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The Monetary Transmission Mechanism

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Author Info

  • Jess Benhabib

    (New York University)

  • Roger E.A. Farmer

    (European University Institute, UCLA and CEPR)

Abstract

Recent literature on structural vector autoregressions has attempted to identify the effects on the economy of an increase in the stock of money. This work has led to a broad concensus. Initially, an increase in money leads to an increase in economic activity. Output and employment go up, the interest rate declines and prices respond weakly, if at all. Over time, these real effects die out and, in the long run, the only effect of higher money is higher prices. Most writers on the topic have attributed the real effects of money, in the short run, to a barrier of some kind that prevents markets from clearing. We show instead that a competitive market-clearing model in which money enters the production function can reproduce the broad features of data. Our argument exploits the existence of multiple equilibria in a rational-expectations model. (Copyright: Elsevier)

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File URL: http://dx.doi.org/10.1006/redy.2000.0100
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Bibliographic Info

Article provided by Elsevier for the Society for Economic Dynamics in its journal Review of Economic Dynamics.

Volume (Year): 3 (2000)
Issue (Month): 3 (July)
Pages: 523-550

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Handle: RePEc:red:issued:v:3:y:2000:i:3:p:523-550

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Related research

Keywords: sunspots; indeterminacy; business fluctuations;

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References

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  1. Brock, William A, 1974. "Money and Growth: The Case of Long Run Perfect Foresight," International Economic Review, Department of Economics, University of Pennsylvania and Osaka University Institute of Social and Economic Research Association, vol. 15(3), pages 750-77, October.
  2. Benhabib, Jess & Rogerson, Richard & Wright, Randall, 1991. "Homework in Macroeconomics: Household Production and Aggregate Fluctuations," Journal of Political Economy, University of Chicago Press, vol. 99(6), pages 1166-87, December.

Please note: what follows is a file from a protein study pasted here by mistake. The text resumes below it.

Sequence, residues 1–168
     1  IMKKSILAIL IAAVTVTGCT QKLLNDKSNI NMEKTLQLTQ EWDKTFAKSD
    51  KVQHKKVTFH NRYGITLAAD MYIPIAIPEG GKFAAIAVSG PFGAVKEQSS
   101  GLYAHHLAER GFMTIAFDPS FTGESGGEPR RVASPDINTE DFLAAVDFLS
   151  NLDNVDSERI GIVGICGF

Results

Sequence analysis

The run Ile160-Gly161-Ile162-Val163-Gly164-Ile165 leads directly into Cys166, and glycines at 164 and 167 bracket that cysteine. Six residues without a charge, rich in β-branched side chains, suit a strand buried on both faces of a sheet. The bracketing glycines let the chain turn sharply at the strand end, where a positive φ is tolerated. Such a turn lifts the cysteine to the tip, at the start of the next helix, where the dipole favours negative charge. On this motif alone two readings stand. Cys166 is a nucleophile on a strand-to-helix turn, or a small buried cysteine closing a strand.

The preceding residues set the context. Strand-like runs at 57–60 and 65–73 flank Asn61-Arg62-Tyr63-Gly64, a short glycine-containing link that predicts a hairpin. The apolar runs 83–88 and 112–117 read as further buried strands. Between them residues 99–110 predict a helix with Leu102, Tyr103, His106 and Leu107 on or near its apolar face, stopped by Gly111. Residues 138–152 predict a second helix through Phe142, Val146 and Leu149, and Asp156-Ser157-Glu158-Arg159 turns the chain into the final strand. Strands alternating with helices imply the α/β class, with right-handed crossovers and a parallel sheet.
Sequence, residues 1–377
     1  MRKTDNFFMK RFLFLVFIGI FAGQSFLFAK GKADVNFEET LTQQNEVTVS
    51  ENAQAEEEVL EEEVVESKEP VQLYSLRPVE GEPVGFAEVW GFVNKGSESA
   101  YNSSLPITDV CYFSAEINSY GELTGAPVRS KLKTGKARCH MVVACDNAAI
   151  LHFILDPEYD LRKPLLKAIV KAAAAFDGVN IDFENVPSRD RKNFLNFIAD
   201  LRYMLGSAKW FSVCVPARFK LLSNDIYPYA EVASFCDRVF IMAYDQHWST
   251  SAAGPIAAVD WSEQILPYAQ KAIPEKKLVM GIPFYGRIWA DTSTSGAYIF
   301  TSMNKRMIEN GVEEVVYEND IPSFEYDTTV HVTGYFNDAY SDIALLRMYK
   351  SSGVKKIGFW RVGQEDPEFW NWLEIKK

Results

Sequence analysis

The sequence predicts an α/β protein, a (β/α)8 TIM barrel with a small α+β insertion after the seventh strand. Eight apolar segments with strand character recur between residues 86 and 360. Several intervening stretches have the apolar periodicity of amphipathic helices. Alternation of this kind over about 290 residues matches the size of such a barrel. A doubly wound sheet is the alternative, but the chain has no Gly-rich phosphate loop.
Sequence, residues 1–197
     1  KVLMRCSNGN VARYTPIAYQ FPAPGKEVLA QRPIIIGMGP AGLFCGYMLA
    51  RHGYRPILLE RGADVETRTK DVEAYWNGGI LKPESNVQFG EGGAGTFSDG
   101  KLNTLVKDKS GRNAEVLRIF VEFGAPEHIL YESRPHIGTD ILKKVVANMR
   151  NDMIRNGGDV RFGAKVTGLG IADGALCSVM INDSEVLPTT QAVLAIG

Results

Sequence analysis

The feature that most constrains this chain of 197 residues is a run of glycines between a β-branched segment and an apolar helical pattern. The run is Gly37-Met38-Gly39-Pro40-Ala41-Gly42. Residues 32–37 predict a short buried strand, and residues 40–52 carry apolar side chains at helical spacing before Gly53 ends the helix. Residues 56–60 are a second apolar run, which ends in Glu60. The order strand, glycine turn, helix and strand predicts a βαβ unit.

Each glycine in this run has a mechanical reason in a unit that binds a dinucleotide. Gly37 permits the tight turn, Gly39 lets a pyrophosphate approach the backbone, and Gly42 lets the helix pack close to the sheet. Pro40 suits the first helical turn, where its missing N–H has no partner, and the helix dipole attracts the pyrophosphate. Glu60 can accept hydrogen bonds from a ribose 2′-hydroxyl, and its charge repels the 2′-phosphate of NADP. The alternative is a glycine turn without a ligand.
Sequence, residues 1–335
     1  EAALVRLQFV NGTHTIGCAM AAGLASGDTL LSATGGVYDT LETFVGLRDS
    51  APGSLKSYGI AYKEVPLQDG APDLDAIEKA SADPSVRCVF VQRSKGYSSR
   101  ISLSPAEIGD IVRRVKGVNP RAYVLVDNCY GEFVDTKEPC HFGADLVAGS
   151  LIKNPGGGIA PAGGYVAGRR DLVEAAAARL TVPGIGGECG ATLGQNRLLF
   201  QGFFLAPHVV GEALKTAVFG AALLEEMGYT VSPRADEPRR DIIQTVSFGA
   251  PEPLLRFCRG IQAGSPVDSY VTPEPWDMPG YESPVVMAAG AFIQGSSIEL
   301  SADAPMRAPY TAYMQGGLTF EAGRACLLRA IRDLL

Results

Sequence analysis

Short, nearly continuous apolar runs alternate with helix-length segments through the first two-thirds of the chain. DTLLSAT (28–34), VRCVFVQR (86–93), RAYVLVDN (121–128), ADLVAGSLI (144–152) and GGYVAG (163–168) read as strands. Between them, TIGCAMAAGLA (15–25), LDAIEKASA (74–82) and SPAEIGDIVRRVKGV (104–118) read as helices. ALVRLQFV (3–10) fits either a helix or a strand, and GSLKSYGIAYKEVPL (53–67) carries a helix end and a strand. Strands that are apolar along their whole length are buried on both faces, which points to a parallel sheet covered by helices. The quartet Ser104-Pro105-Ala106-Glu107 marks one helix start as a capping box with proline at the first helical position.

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  5. Hoffman, Dennis L. & Rasche, Robert H. & Tieslau, Margie A., 1995. "The stability of long-run money demand in five industrial countries," Journal of Monetary Economics, Elsevier, vol. 35(2), pages 317-339, April.
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  7. Kiminori Matsuyama, 1988. "Endogenous Price Fluctuations in an Optimizing Model of Monetary Economy," Discussion Papers 825, Northwestern University, Center for Mathematical Studies in Economics and Management Science.
  8. Farmer, Roger E.A., 2000. "Two New Keynesian Theories Of Sticky Prices," Macroeconomic Dynamics, Cambridge University Press, vol. 4(01), pages 74-107, March.
  9. Lawrence J. Christiano & Martin Eichenbaum & Charles L. Evans, 1996. "Sticky price and limited participation models of money: a comparison," Staff Report 227, Federal Reserve Bank of Minneapolis.
  10. Benhabib, J. & Farmer, R.E.A, 1991. "Indeterminacy and Increasing Returns," Papers 165, Cambridge - Risk, Information & Quantity Signals.
  11. Obstfeld, Maurice & Rogoff, Kenneth, 1983. "Speculative Hyperinflations in Maximizing Models: Can We Rule Them Out?," Journal of Political Economy, University of Chicago Press, vol. 91(4), pages 675-87, August.
  12. Benhabib, Jess & Bull, Clive, 1983. "The Optimal Quantity of Money: A Formal Treatment," International Economic Review, Department of Economics, University of Pennsylvania and Osaka University Institute of Social and Economic Research Association, vol. 24(1), pages 101-11, February.
  13. V. V. Chari & Patrick J. Kehoe & Ellen R. McGrattan, 2000. "Sticky Price Models of the Business Cycle: Can the Contract Multiplier Solve the Persistence Problem?," Econometrica, Econometric Society, vol. 68(5), pages 1151-1180, September.
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  18. repec:cup:macdyn:v:4:y:2000:i:1:p:74-107 is not listed on IDEAS
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